Babe tests the onshore breeze washing over the terrace, taking in the sights and sounds and smells of this glorious last day of May 2007. Tempered by many Chelsea winters harsh and mild, the perennials are lookin' good. From left, clockwise: Pinkish flowers and gray-green leaves of dianthus purchased years back from a seaside nursery in Stonington, Maine; spiked leaves of hybrid bearded iris taken long ago from Mummy's Down East garden; and leaves and first flowers of Rosa multiflora, a weedy but deliciously fragrant volunteer. Magenta accents middle right are petunias bought locally and planted by Tuck in the freshly restored circular parterre just the other week.
Ever seen one of these? The size and shape and fuzziness told us it was a sphinx or hummingbird moth, but which species? A quick Google search revealed we had a Great Ash Sphinx Moth (Sphinx chersis) on our hands (clinging to Tuck's pinky, above). At first Tuck thought it was a stray clump of Chelsea Gray fur stuck on the garlic chives in the center of the parterre garden, but as he plucked it up, the clump moved. Adrenaline rush. Fight or flight? In horror, he tossed it into the weeding bucket. Taking a closer look, he was delighted to find our new friend. Fun facts: The females lay their eggs on the leaves of ash, lilac, privet, cherry and quaking aspen -- all species abundant in Chelsea private gardens and the urban forest -- the preferred diet of their voracious offspring, who spend their caterpillarhood eating, eating, eating. They pupate underground and then emerge to "fly as a single brood in the north and as two broods in the south from May-June and from July-August."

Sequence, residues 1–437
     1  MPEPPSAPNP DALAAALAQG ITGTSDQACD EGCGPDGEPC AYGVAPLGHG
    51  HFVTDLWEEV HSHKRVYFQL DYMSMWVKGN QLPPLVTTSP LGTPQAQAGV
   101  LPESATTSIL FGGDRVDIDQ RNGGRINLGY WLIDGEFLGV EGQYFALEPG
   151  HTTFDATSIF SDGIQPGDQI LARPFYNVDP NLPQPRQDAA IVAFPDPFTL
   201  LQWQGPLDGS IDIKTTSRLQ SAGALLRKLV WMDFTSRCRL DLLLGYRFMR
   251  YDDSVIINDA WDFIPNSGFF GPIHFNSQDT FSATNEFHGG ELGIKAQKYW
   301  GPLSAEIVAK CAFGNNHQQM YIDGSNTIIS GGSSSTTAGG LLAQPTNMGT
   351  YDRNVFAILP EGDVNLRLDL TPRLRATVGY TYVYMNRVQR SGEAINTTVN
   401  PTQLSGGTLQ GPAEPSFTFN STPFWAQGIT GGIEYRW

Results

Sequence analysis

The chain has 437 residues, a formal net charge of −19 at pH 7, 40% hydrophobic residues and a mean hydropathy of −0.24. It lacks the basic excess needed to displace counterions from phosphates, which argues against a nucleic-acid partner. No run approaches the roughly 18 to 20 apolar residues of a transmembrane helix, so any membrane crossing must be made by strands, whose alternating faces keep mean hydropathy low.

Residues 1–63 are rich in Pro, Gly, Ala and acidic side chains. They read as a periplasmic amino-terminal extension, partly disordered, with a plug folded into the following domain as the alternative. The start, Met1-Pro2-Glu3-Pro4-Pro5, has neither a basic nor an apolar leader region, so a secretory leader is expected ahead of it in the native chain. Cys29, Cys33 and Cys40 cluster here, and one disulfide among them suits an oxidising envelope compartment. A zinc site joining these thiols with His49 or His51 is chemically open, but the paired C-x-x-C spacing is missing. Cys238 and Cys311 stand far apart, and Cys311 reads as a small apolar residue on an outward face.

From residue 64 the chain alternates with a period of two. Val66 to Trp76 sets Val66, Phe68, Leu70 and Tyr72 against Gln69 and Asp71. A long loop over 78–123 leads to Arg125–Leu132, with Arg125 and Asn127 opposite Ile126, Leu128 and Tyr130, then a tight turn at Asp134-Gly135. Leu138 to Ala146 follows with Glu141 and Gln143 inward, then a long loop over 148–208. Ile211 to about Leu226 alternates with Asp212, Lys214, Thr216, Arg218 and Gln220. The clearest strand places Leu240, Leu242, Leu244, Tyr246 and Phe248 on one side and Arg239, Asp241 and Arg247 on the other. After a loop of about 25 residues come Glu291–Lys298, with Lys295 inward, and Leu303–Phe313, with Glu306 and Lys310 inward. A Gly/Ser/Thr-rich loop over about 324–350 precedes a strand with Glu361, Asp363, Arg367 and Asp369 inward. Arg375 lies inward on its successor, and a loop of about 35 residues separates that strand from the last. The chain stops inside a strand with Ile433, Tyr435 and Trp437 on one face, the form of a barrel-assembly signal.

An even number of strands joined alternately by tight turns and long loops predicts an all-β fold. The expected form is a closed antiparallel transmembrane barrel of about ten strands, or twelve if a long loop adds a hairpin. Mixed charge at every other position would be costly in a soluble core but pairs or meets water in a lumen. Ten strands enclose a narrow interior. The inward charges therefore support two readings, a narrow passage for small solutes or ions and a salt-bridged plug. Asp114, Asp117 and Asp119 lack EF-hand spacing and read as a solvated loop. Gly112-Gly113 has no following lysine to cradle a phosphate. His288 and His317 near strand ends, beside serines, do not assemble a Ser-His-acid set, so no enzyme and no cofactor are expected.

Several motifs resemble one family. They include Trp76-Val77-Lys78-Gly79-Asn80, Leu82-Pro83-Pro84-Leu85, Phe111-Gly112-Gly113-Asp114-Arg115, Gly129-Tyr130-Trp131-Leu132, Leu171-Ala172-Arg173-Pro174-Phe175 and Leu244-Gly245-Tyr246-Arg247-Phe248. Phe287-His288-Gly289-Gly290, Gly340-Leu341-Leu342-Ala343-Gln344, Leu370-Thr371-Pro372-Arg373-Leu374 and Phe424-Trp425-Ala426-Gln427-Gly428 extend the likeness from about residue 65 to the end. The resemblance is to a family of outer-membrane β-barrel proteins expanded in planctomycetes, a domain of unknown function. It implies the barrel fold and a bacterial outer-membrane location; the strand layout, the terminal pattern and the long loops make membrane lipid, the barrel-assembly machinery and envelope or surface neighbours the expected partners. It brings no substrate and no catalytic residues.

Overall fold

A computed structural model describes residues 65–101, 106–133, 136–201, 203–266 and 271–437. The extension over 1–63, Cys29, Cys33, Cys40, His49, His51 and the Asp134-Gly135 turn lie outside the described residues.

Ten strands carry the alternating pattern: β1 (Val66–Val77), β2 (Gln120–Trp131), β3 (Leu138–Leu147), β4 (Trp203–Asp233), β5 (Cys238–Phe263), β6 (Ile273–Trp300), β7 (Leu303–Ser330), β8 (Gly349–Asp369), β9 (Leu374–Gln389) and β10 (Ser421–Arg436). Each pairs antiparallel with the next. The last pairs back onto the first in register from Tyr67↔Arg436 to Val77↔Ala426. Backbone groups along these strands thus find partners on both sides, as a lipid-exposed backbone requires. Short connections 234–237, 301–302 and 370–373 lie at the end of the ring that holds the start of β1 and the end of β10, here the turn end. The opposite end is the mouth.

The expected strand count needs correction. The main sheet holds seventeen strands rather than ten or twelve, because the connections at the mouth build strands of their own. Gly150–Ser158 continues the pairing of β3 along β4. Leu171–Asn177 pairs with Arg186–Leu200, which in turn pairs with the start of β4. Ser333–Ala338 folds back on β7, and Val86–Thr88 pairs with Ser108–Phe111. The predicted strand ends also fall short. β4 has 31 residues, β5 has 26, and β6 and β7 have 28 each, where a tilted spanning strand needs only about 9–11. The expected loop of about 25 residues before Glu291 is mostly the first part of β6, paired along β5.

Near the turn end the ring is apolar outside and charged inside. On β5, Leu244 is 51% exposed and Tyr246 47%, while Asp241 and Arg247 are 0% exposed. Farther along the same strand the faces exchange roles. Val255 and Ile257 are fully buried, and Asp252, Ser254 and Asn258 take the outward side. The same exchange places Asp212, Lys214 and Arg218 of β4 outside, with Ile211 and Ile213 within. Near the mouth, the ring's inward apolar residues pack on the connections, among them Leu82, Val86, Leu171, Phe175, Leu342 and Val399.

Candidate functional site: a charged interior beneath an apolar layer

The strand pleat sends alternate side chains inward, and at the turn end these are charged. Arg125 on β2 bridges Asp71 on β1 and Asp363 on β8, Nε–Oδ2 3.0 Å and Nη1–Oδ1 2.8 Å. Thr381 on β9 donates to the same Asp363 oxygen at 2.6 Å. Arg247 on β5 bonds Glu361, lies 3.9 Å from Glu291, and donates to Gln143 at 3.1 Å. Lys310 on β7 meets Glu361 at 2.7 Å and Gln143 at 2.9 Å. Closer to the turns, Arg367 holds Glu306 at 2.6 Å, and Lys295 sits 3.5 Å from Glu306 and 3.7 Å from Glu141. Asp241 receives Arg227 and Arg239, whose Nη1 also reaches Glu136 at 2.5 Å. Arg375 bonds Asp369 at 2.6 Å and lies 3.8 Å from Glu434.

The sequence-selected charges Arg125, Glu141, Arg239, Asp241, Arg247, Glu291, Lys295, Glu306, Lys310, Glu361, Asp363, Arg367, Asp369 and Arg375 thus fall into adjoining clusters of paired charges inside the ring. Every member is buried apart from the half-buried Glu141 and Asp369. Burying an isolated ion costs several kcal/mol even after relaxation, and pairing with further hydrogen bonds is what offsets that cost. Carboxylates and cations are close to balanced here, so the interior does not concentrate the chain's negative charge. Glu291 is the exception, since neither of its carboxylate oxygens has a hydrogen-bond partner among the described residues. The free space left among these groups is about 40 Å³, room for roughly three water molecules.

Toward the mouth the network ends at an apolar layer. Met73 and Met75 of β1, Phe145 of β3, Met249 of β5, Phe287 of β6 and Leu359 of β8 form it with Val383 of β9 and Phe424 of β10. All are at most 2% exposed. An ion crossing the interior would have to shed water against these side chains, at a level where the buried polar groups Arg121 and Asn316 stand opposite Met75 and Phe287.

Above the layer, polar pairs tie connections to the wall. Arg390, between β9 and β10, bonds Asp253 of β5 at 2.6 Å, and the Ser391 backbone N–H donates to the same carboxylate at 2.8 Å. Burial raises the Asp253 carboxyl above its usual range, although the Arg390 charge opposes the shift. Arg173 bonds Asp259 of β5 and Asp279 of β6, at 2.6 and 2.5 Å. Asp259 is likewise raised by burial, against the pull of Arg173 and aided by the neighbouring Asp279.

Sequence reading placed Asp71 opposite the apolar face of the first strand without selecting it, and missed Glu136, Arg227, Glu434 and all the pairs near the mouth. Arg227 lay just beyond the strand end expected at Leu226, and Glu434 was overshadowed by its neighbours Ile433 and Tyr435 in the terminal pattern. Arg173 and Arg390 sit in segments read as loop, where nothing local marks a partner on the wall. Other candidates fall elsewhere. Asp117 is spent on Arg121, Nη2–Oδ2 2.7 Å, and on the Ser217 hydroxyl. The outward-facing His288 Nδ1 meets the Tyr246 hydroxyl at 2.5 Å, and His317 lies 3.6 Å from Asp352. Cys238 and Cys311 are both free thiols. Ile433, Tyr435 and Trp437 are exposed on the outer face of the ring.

Who's the most beautiful boy kitty in the world?
After he regained his composure, Tuck proudly displayed his find for the photographic record. Note honest gardener's dirt-embedded fingernails. Gloves are for sissies.